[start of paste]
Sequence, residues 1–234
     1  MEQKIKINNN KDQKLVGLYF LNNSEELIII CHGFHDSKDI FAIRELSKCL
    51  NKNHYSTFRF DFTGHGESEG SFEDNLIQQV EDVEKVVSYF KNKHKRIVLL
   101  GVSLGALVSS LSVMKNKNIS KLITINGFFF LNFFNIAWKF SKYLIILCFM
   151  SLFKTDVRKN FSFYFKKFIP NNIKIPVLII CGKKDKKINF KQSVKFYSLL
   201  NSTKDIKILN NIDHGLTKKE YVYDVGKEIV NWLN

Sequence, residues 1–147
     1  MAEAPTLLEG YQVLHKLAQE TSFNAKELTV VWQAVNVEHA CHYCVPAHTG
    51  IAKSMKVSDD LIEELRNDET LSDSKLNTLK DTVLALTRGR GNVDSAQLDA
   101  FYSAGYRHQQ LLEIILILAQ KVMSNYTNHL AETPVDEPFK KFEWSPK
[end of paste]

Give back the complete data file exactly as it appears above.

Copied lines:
Sequence, residues 1–234
     1  MEQKIKINNN KDQKLVGLYF LNNSEELIII CHGFHDSKDI FAIRELSKCL
    51  NKNHYSTFRF DFTGHGESEG SFEDNLIQQV EDVEKVVSYF KNKHKRIVLL
   101  GVSLGALVSS LSVMKNKNIS KLITINGFFF LNFFNIAWKF SKYLIILCFM
   151  SLFKTDVRKN FSFYFKKFIP NNIKIPVLII CGKKDKKINF KQSVKFYSLL
   201  NSTKDIKILN NIDHGLTKKE YVYDVGKEIV NWLN

Sequence, residues 1–147
     1  MAEAPTLLEG YQVLHKLAQE TSFNAKELTV VWQAVNVEHA CHYCVPAHTG
    51  IAKSMKVSDD LIEELRNDET LSDSKLNTLK DTVLALTRGR GNVDSAQLDA
   101  FYSAGYRHQQ LLEIILILAQ KVMSNYTNHL AETPVDEPFK KFEWSPK